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Old sharpening methods...
You two men bring tears of happiness and remembering to my mind, reading your post -

When I visited the Henry Ford Museum in Dearborn, Michigan, I was surprised to see how many of the telephone tools on display I was still using. It is often easy to overlook the value of old non electric tools. While I am not adverse to new technology, I used a brace and bit throughout my career. Early on,  when we were using feeble, underpowered electric drills, the brace and bit was sometimes the only was we had to drill difficult holes. When you have to drill a 5/8” (16mm) hole through a log cabin beam, you soon learn the value of a sharp bit. A very useful tool we carried on the truck was an auger bit file. This was a small file with safe edges (no cutting grooves). One end had safe edges; the other end had safe faces. I bought a couple for home use. Lee Valley sells them Here is a link:

Here is another information link to the Nicholson file they carried in the past:

When I retired, I still carried and used the Yankee push drill in my tool pouch. The old Star drill, which we powered with taps from a hammer, was still in my toolbox, but rarely used. My block and tackle rescued me frequently, as did my crowbar. 

Today everything is battery drills. I used them, too, and was glad to have them. I was also glad to have my brace and bit for difficult work the battery drill could not handle. (By the time Mark's eighteen volt tools came along, the underpowered issue was controlled.)

I like using older tools. Using them reminds me of former owners, often my father or grandfathers.New tools become older quickly. Even the metric wrenches I purchased new in 1971 would be considered as older tools by some.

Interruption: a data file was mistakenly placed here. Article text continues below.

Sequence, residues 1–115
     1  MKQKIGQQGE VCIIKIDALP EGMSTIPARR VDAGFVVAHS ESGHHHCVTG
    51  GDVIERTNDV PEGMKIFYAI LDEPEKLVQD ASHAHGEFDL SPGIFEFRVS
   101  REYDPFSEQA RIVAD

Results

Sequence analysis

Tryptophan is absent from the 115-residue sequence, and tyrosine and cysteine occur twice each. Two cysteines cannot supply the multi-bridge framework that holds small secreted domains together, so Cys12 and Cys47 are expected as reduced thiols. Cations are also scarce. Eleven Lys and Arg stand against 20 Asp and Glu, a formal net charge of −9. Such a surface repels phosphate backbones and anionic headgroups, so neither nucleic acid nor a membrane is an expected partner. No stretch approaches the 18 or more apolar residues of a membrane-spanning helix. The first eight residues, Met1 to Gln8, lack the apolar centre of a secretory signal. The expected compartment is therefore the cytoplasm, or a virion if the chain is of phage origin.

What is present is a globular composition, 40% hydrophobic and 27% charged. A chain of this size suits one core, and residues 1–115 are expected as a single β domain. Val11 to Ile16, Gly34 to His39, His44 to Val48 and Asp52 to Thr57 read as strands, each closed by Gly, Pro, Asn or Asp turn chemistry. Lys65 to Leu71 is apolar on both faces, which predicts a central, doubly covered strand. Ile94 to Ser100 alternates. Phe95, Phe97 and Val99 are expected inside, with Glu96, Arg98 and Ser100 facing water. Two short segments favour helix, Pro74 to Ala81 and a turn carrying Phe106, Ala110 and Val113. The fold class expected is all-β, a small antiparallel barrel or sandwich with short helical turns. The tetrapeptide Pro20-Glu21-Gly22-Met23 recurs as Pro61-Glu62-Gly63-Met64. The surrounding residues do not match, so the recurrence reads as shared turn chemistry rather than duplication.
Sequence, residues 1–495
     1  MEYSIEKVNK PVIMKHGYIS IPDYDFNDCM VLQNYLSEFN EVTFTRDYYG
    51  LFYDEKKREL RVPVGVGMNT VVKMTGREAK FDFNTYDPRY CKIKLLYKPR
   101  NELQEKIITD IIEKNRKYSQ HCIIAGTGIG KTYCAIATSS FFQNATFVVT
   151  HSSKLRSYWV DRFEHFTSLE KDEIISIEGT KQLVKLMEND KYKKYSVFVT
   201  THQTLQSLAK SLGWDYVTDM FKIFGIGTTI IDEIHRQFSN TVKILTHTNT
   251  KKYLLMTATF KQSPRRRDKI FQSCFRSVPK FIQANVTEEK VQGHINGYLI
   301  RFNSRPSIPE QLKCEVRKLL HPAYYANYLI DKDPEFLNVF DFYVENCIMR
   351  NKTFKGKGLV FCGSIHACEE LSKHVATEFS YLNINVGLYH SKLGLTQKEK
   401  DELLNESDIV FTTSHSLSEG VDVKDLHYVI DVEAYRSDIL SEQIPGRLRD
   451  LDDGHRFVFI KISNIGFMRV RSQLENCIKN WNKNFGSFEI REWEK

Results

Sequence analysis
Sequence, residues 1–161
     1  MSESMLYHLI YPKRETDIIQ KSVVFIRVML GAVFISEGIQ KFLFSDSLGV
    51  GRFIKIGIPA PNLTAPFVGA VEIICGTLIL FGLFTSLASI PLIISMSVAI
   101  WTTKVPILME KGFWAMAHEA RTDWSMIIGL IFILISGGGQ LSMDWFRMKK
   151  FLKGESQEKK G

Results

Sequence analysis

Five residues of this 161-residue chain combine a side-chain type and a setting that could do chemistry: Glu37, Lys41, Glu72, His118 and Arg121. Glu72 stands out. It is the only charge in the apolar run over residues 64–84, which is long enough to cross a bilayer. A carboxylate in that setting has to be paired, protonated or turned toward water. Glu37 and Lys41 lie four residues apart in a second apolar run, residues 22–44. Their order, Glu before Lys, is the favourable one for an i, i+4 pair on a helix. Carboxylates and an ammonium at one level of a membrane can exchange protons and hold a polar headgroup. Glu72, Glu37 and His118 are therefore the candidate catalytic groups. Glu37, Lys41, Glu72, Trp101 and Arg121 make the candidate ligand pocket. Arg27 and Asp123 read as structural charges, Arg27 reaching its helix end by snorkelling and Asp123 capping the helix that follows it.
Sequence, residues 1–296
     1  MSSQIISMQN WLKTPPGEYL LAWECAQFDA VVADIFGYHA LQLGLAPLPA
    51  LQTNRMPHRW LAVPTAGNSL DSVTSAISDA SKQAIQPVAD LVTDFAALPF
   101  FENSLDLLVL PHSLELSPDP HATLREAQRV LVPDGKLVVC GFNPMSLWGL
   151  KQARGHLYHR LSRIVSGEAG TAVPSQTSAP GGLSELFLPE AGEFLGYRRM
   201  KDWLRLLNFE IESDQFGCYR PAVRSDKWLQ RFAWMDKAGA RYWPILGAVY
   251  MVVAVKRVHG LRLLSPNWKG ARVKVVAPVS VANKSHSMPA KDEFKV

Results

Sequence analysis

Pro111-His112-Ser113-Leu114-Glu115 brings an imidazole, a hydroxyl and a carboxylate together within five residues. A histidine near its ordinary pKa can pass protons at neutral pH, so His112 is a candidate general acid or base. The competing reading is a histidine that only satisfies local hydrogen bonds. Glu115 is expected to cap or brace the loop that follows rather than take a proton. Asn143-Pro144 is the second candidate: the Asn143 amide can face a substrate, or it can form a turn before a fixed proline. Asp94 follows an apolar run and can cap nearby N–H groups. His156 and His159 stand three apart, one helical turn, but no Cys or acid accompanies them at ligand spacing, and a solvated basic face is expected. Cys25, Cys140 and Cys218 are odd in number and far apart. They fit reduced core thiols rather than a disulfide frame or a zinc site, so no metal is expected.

Our present standard of living is in large part due to the craftsmen and tools of the past. Today we can purchase a high quality Morakniv for around the same cost as a large pizza. The pizza will be consumed by the end of the day, however, the Morakniv will belong to my grandson someday.

Today 90% of the population in industrial countrys lives in citys and I think that few percent of this group have a carpenetr hut - or space to use as a workshop. If they have space dor it - the space is small.

Todays tools are very handy, I have alot of them and enjoy them. They are easy to work with.
My wife talk me in to to build a workshop on our property (I hade then my workshop innthe basement). Well, I started to make up drawings. On a workshop 6X6 meters. My wife insisted that we needed a carport also - so I make new drawings with a carport and workshop. I show her the drawing and she insisted that we need a wood shed for all I say ok - but then I need to ba a lot of tools...and she accepted. Together we build a this "house" with workshop (isolated), carport,mand Woodhenge, 6X12 meters. Hard work - but it was fun. And I bought a LOT of tools and batterys for the tools - and my wife did not protested at all... Smile

I use similar files earlyer and files for sharpening saws and later also chainsaws. Usedul things when all tools was used by hand.

When building the workshop i use my knifes a lot and also my axes. I prefer the handsaw instead of the electric saws for smaller jobs.

Have we talk about King Tutanchamons knife? 3350 year old - made of iron from a meteorit - during the copper age Smile

[Image: 2hsar10.jpg]

So, for 3350 years ago King Tut used this knife - before iron was invented... If he uses iron from meteorits - other people can have done the same thing, perhaps. Never say never....

Meteorits can have been used as hammers and other tools, small pieces perhaps was used to make up fire...

Any way, it is a very nice knife, or dagger, nice design - and I so not think that this is the first iron knife they made when I see the design...


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